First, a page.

Found January 06, 2013 on
It’s a whatever-the-hell-today-is miracle!
Yeah, it doesn’t have nearly the same ring to it as the NBA lockout ending on Black Friday last year, but at some point in the night while I was dreaming sweet dreams, the NHL players and owners agreed to a tentative deal to end the 100 day long lock-out and start playing hockey in 2013.
From TSN, here are the terms of the new collective bargaining agreement that has given us all angry thoughts at Gary Bettman for the last four and a half months.
- The players’ share of hockey-related revenue will drop from 57 percent to a 50-50 split for all 10 years.
- The league coming off their demand for a $60 million cap in Year 2, meeting the NHLPA’s request to have it at $64.3 million – which was the upper limit from last year’s cap. The salary floor in Year 2 will be $44 million.
- The upper limit on the salary cap in the first year is $60 million, but teams can spend up to $70.2 million (all pro-rated). The cap floor will be $44 million.
- The 10-year deal also has an opt-out clause that kicks in after eight years.
- Each team will be allowed two amnesty buyouts that can be used to terminate contracts after this season and next season. The buyouts will count against the players’ overall share in revenues, but not the team’s salary cap.
- The salary variance on contracts from year to year cannot vary more than 35 per cent and the final year cannot vary more than 50 per cent of the highest year.
- A player contract term limit for free agents will be seven years and eight years for a team signing its own player.
- The draft lottery selection process will change with all 14 teams fully eligible for the first overall pick. The weighting system for each team may remain, but four-spot move restriction will be eliminated.
- Supplemental discipline for players in on-ice incidents will go through NHL disciplinarian Brendan Shanahan first, followed by an appeal process that would go through Bettman. For suspensions of six or more games, a neutral third party will decide if necessary.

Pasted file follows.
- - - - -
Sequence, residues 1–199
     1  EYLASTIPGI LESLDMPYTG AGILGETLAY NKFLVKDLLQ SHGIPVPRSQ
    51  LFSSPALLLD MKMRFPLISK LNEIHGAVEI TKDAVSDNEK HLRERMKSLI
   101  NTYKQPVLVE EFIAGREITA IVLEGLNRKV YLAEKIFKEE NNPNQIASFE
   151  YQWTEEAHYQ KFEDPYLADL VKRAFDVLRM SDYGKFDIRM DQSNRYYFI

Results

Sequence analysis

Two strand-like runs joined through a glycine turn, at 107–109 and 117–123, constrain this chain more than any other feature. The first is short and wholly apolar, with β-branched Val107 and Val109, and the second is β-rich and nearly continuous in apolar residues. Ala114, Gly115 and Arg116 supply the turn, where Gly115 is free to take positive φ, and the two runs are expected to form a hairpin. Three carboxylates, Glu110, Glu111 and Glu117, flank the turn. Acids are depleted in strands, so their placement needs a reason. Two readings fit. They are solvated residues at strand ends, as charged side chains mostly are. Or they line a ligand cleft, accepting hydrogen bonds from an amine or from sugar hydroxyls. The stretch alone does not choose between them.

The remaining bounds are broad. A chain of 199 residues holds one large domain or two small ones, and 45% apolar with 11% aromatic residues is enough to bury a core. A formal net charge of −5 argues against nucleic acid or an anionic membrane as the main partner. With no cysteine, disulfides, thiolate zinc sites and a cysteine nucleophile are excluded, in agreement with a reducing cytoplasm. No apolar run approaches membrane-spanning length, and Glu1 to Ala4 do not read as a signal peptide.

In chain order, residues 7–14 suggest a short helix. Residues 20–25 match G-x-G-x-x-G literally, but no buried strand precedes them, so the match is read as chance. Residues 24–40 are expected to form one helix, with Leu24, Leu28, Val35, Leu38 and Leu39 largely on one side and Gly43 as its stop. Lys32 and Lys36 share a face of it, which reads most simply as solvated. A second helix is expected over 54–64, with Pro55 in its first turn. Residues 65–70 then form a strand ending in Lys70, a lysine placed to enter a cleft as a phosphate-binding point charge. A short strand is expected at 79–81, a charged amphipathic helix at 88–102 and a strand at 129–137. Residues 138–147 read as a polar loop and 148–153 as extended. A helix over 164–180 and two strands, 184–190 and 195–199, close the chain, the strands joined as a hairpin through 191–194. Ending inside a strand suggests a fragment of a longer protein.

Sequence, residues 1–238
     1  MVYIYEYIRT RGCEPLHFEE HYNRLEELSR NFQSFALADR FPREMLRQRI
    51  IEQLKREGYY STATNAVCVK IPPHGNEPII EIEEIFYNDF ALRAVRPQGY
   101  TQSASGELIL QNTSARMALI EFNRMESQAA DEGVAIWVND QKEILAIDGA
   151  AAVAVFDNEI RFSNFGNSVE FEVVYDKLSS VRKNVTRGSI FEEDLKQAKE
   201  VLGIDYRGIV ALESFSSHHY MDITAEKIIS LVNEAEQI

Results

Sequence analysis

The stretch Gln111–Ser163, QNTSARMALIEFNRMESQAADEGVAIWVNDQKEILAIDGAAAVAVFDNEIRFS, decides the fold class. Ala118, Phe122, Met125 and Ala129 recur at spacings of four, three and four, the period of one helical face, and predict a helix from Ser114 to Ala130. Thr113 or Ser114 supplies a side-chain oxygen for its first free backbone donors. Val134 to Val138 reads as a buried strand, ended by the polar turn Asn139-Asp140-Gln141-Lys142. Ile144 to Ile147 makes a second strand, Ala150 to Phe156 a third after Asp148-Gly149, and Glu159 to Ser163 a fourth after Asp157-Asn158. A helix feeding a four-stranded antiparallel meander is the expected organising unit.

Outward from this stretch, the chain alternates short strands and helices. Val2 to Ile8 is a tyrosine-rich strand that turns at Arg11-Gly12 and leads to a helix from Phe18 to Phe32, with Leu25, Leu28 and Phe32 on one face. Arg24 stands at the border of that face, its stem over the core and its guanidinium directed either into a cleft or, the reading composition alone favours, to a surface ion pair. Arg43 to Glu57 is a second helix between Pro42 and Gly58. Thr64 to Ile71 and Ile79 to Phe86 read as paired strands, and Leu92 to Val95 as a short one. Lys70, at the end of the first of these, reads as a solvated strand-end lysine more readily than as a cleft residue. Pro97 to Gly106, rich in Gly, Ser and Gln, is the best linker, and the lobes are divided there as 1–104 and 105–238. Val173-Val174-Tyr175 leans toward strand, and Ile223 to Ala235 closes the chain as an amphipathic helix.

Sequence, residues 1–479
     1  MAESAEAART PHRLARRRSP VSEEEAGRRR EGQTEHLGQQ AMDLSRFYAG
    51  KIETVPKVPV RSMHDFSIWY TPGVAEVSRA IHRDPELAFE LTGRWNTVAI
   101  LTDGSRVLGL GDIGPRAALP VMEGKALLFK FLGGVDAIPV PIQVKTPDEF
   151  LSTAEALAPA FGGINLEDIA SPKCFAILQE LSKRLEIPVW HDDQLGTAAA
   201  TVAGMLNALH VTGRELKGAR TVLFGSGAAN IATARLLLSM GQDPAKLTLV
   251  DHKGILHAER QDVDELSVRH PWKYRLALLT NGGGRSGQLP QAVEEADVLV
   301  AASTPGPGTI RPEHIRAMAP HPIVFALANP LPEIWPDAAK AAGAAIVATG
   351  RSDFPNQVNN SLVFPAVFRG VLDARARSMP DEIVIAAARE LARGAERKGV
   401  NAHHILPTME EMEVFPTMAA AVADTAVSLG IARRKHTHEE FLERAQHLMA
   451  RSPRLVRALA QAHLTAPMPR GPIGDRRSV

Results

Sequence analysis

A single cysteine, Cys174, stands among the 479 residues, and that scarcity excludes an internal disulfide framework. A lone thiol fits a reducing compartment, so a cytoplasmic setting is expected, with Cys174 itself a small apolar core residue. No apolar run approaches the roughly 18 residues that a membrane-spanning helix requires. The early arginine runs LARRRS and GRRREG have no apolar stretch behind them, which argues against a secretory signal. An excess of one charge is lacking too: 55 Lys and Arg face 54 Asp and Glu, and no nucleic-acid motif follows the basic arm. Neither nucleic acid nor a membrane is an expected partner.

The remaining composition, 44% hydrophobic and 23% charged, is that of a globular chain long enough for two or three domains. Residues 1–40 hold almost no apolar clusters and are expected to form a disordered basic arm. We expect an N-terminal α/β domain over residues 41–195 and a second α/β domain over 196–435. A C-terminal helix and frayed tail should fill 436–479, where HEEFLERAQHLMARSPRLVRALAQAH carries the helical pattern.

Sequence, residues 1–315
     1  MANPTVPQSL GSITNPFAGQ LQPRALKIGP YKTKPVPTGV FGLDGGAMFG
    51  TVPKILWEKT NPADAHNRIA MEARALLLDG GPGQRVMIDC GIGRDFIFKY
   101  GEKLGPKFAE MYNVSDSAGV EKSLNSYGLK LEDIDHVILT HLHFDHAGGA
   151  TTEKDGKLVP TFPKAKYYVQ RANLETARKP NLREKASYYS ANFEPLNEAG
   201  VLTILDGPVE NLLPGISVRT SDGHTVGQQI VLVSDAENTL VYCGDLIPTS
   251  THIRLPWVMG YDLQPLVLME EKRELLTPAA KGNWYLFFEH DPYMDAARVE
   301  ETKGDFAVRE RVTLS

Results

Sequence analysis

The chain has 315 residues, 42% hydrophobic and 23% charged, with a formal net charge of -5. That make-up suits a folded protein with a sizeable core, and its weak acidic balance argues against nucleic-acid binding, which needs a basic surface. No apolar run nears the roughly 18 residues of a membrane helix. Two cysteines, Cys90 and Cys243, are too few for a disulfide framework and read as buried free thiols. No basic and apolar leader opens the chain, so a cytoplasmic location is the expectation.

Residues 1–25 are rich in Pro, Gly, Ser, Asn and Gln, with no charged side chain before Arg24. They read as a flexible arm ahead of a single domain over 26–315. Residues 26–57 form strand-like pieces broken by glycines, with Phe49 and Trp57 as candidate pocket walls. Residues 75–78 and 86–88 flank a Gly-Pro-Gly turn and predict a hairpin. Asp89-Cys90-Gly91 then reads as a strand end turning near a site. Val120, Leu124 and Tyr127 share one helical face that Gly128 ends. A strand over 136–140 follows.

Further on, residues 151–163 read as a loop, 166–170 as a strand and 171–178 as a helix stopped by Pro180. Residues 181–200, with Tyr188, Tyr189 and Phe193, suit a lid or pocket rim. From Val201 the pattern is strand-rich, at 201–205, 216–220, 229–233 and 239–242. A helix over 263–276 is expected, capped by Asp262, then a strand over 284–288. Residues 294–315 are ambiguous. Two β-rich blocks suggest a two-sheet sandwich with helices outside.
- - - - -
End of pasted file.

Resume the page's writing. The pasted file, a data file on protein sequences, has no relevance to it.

- Revenue sharing among teams will spread to $200 million. Additionally, an NHLPA-initiated growth fund of $60 million is included.
- Teams can only walk away from a player in salary arbitration if the award is at least $3.5 million.
- The NHL had hoped to change opening of free agency to July 10, but the players stood firm and it remains July 1 in the new agreement. But with a later ending to the season, free agency for this summer will start at a later date.
For the Boston Bruins, the most interesting part of the CBA is the amnesty clause. They have a couple players locked into long-term contracts with high salaries that have basically refused to play in 2012-2013 for reasons that include friends, family, and faith. If you do not know who I am talking about, clearly you do not follow the Boston Bruins.
Most importantly, the Boston Bruins will play hockey in 2013. It may be ugly and quick like it was in 1994, but NHL fans didn’t lose an entire season that may have killed the league for good. There is now a chance for the Boston Bruins to make a run and capture their second Stanley Cup in three years.
We are thirteen days away from the puck drop. I can’t wait.
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Is there a chance that Tim Thomas could play for the Bruins in 2013
Now that the NHL Lockout is over, it’s time to start talking and writing about hockey again. For our first topic of the shortened off-season, I present to you a theory brought to me by my good friend Ryan Sullivan. At some point during the fall, when the NHL lockout was getting depressing and we were probably drinking...
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Sounds about right...
Dear Dedicated Fan #012536,
The National Hockey League announced that the lockout is over and soon you’ll be able to come back to TD Garden and give us all your money watch the Bruins again!
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